The rule of thumb is to "look where you want to go", rather than where you are or where you are going to. This means two things: In corners, looking into the corner, through it and far past it, even if means looking (with the whole head) through the side window. This also has the benefit of reducing the effect of the side forces on your neck, especially in Single-Seaters. If the eyes are facing forward, the mind is fooled into thinking that we are still moving straight. This is a lead cause of early apexing and too fast a corner entry. In general, it also means that you should always look far ahead rather than close. Looking further ahead will make your actions more accurate and smooth. Head and eye movements should also be made smoothly, to the same end. You look through corners as windows and through reference points as if they were "ironsights".

When we see the corner ahead, we take a quick peek through and around it, towards the area of the track that follows it. This allows us to estimate the bend much more accurately, because we can asses it's circumference by the length of our visual field through the bend. By now we would need to brake. The important thing is not to look for a visual marker to brake, but rather look ahead to our turn-in point. As we get closer to our braking point, we shift focus to the apex marker and drive through the turn-in with our peripheral vision. Before we even hit the apex, we shift focus to the exit and before reaching it we shift focus to the straight. As a starting point, shift focus from turn-in to apex just before you downshift, and from apex to exit just as you finish trail braking.

The idea, is to be a few steps ahead of the car. The way to do this is to look far ahead, recognizing the bend beforehand, seeing all of it and past it. Than, as you approach it, always look one or two reference points further than where the car is about to reach, looking through the other points through your periphral vision. You should be able to draw an imaginary line in which you want the car to travel, just a bit before entering the corner. The further from the corner that you can draw that line in your mind, the better is your use of the visual field. Also, the faster the corner, the more field (and reference points) must your periphral vision cover, especially if you engage a set of successive turns.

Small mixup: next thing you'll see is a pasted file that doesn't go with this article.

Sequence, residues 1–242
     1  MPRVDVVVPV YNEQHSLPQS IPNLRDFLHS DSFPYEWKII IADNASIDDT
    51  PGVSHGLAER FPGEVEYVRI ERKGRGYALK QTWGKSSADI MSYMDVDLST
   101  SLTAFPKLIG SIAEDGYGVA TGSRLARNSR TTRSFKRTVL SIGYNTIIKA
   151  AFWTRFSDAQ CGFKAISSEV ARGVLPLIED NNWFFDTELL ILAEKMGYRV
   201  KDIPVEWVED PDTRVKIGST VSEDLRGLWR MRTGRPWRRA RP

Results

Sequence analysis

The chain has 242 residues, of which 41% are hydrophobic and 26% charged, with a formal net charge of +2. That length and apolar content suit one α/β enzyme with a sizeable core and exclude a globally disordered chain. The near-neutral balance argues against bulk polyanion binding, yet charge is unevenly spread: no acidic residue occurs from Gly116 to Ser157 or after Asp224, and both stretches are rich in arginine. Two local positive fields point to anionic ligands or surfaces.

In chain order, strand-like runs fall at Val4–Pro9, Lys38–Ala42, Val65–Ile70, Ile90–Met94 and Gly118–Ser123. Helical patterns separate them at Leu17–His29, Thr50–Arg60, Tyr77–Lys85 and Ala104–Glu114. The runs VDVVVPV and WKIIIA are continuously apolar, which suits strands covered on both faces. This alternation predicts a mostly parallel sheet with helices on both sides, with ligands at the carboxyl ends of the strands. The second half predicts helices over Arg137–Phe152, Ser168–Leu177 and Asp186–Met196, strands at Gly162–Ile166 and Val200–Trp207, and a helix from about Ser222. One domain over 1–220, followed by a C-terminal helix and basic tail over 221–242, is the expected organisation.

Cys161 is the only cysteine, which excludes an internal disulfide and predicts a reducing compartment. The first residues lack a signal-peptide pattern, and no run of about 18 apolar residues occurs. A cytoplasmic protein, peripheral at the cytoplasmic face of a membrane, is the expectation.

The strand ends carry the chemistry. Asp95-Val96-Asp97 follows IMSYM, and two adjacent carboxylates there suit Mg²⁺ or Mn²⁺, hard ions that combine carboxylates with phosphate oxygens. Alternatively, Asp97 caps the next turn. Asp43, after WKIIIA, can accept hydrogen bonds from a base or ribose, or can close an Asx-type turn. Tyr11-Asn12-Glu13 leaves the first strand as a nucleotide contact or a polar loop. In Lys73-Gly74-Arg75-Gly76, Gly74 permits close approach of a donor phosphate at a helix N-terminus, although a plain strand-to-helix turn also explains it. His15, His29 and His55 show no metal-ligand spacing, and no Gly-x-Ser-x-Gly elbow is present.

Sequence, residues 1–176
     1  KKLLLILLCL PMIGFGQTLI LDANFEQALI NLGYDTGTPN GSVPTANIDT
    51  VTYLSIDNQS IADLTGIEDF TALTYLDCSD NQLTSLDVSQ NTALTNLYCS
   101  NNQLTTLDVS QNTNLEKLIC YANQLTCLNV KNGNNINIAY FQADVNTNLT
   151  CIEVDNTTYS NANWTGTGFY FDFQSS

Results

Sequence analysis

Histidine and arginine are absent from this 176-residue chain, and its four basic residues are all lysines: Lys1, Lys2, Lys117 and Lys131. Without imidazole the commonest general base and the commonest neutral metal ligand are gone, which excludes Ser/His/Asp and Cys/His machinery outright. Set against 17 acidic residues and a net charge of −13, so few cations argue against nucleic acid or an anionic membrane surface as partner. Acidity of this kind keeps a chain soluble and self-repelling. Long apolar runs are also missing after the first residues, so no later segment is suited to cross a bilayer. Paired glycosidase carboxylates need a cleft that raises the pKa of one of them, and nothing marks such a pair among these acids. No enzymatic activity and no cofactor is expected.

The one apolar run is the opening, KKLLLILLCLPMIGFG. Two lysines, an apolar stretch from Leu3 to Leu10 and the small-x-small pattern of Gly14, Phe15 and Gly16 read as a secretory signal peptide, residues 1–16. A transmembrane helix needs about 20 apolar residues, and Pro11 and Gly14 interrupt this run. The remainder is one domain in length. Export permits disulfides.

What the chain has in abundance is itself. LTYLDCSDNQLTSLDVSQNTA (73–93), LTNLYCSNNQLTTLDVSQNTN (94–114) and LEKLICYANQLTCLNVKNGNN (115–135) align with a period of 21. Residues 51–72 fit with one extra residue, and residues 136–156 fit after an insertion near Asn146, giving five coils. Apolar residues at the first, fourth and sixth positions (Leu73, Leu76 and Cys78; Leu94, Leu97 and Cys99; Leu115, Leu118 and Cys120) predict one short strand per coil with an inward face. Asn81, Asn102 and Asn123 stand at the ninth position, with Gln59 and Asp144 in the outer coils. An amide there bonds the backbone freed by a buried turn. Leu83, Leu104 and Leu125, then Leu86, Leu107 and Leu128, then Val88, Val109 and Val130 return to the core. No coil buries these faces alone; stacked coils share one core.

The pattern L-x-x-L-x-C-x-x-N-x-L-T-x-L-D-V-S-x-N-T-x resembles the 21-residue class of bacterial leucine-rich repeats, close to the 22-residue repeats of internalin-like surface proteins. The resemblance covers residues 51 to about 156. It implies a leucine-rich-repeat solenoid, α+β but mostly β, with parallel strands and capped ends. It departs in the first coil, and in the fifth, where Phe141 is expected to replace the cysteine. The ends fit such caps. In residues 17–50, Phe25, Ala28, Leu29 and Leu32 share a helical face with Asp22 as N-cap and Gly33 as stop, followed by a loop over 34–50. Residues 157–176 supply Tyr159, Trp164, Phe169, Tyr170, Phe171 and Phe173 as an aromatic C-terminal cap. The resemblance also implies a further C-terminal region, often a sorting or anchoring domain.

Here's a summary by Rem Samuel on this technique:

Racecar drivers devolop a very focus sight, "Laser Sight." Vision leads driving and shapes it. If we look at where we are naturally going we will go along with the car like we go with our lives. However, if we develop a "laser sight" focused at the point on the track or road in which we want the wheels to go, chances are we will do the right actions in the right time to get there, and will usually get there. If not, we could undergo a process of learning how to get to it next time.
Having acquired the skill of looking ahead in one corner, what do we do with a set of corners? The correct course of action is to look up to the next target, just as we finished planning and taking measures to conqure the reach the current target. This can be demonstrated nicelly regardless of driving: Take a bowling alley with six lines, each with a different amount and set of pins. You have 30 seconds to knock down as many pins as possible. Assuming it takes you 3 seconds to aim, 2 seconds to throw and 2 more seconds untill the ball hits -- you could easily deduct that if you always wait and see when the ball hits the pins, you will run out of time too soon.
The same applies for driving. Once we have concluded the point on the track we want to go through and have done all the planning and steps to get there, you need to look up to the next destination -- to have enough time to plan how to get there. Most drivers, it would appear, turn their heads one or two seconds later at least. A "Laser sight" focused as early as possible towards the next destination will get you to your purpose as quickely, safely and effectivelly as possible". (Rem Samuel, "How to Drive Fast")